All this time, I figured I needed to find a way to get out of my real job and get into a fishing-oriented job. So I said that I can catch a few walleyes, can sell, and have a lot of good business experience. So he said I could interview for the job. And low and behold, I got it! So I promptly told my manager at HP that I was moving up to Brainerd. It was 1999. I ran the company for 10 years while simultaneously continuing my fishing career. We were very successful, doubling revenue and quadrupling profit. Part of my stipulation coming on was to become a shareholder. In 2008, the shareholders wanted to sell the company, fortunately prior to the stock market crash in October, 2008. If the due diligence had taken much longer, I would probably still be the president of Lindy.

MWO: Timing is everything.

Takasaki: By that time, my sponsorships and speaking engagements were actually exceeding my president’s salary, so I was pretty confident that I could begin fishing full-time. So in 1999, I moved to Sioux Falls, South Dakota, where there’s no state corporate income tax, whereas Minnesota is a pretty high tax state. So I’ve been living there ever since.

MWO: South Dakota is extremely walleye-oriented, with short drives to the Missouri River, and to other waters in Minnesota, or the Great Lakes.

Takasaki: I love the town. Great people, no traffic, plenty of stores, a big arena venue for concerts. You can get pretty much everything you want, and keep more of the money you make.

MWO: You are one of the most prolific seminar speakers I’ve ever seen. I seems like they keep you pretty busy.

Takasaki: That’s part of the job title of pro fisherman. You have to communicate with anglers, at shows, on TV, go out with outdoor writers, get articles published. Educating: that’s how you publicize your name. Back in 2003 I began working with MidWest Outdoors to help promote Lindy products. Back then, there really wasn’t any social media, so it was one of the best moves you could make.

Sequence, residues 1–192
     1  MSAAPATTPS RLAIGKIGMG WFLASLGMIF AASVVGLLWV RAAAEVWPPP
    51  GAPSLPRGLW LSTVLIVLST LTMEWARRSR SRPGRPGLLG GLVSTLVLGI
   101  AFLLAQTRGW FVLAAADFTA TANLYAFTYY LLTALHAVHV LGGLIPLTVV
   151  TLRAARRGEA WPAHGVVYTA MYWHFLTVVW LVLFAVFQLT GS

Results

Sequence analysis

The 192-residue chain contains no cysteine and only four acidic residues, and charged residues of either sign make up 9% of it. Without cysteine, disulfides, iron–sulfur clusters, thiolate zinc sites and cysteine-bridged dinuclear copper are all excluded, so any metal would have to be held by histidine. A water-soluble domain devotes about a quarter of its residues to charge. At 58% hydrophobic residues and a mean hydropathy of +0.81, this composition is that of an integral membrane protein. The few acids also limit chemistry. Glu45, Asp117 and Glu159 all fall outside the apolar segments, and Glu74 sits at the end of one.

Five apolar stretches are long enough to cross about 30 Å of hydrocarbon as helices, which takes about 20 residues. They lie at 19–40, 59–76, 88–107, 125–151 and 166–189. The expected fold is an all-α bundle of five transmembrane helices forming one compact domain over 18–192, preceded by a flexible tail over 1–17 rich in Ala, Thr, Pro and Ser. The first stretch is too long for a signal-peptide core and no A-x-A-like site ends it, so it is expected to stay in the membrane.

MWO: MidWest Outdoors is one place you can do both—publications and TV. With TV, you come right into living rooms.

You can be among the first to get the latest info on where to go, what to use and how to use it!

This field is for validation purposes and should be left unchanged.

Takasaki: I think it’s establishing a contact with those people; I average 20-40 seminars a year, yet ask of all the anglers, and most come because they saw me on TV. If you have the skills and convey them, and your personality, it makes the difference. I wouldn’t be here if it wasn’t for TV. There’s more to being a pro angler than just catching fish. You have to be a communicator, salesman, justify your worth to sponsors by increasing sales, and then go out and catch fish. It’s not like being a pro golfer, who makes enough money off the tournament to make a living. In walleye fishing, you have to supplement your income by promoting products and being a good spokesman and salesman, in addition to being a good fisherman. One of the best pieces of advice I got was to keep your day job. Treat your fishing business as a second job. Bring in revenue while you’re spending revenue, build your second job, and once it exceeds your day job, then it’s time to consider making a move.


Takasaki Timeline
1960s-70s             Grows up in rural Illinois fishing farm ponds.

1979-82                 Ted meets and forms friendship and fishing bond with John Campbell at University of Illinois—Champaign.

1982                        Upon graduation from U of I College of Engineering, both take jobs with Hewlett-Packard in Chicago.

1982-                       Takasaki and Campbell begin taking fishing vacations in Iowa Great Lakes.

1989                        The boys become tournament partners on the MWC Circuit.

1991                        They win the prestigious MWC Team of the Year Title!

1991                        Both begin fishing PWT tournaments at the pro level.

1998                        Ted wins $100,000 at prestigious PWT Championship!

1999                        Ted moves to Brainerd, Minn. and becomes president of Lindy-Little Joe.

2008                        Lindy sells to new buyers, and Ted moves to Sioux Falls, South Dakota to pursue his fishing career.

2010                        Ted Takasaki is inducted into the National Fresh Water Fishing Hall of Fame.

Need More Ted Talk?

You’ll find it in the podcast section at MidWest Outdoors.com. On the bottom of the home page, look for the button that says Podcast, click on it and you’ll find the interview. Look it up for March, where Ted Takasaki gives us the lowdown for finding and catch river walleyes and sauger in spring. Hearing is believing!

LEAD PHOTO your choice

Young Ted Takasaki’s first walleye.

His first muskie.